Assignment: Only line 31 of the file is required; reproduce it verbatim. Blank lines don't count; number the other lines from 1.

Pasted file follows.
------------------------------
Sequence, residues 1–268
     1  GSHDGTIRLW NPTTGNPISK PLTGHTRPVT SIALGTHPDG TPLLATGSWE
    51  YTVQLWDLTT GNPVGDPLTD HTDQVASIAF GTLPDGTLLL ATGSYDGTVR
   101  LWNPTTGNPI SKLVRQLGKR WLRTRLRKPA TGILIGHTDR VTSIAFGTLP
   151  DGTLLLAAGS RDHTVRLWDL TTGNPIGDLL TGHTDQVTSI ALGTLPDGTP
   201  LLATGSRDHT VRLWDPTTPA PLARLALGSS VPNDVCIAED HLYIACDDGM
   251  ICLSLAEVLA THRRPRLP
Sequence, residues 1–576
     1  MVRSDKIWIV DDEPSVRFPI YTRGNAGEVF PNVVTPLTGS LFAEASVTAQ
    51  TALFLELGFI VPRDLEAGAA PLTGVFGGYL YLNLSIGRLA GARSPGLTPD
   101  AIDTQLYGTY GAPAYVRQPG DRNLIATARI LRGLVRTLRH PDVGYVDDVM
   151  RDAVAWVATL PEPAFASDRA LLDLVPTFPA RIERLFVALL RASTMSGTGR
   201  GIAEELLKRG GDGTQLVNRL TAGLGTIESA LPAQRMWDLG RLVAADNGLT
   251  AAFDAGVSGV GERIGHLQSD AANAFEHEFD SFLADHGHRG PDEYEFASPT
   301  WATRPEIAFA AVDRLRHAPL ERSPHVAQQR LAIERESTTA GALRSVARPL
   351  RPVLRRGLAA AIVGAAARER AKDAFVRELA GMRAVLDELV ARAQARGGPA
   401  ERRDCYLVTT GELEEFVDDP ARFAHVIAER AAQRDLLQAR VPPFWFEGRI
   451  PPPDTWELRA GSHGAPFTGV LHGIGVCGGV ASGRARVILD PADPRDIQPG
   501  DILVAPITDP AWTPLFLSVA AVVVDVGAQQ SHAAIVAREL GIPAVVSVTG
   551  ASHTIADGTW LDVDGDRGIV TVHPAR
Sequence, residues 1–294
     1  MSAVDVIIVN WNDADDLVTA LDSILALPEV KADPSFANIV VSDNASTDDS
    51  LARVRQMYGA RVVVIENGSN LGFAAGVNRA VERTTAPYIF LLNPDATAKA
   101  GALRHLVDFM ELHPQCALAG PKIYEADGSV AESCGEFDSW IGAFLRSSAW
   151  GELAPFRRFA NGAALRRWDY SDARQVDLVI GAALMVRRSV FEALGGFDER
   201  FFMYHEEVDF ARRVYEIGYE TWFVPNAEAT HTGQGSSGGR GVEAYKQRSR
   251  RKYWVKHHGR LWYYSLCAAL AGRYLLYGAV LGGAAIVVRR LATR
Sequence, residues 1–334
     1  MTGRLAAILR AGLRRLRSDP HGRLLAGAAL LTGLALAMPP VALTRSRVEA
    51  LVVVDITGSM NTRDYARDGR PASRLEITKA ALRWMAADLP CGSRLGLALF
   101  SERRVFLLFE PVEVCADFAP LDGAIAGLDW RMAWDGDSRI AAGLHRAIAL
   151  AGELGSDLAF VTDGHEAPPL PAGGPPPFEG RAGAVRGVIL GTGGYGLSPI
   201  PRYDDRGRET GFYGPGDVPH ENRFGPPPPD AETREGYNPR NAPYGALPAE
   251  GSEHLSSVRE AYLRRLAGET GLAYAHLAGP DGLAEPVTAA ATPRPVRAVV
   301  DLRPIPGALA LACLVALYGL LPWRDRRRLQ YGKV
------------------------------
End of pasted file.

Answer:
   101  SERRVFLLFE PVEVCADFAP LDGAIAGLDW RMAWDGDSRI AAGLHRAIAL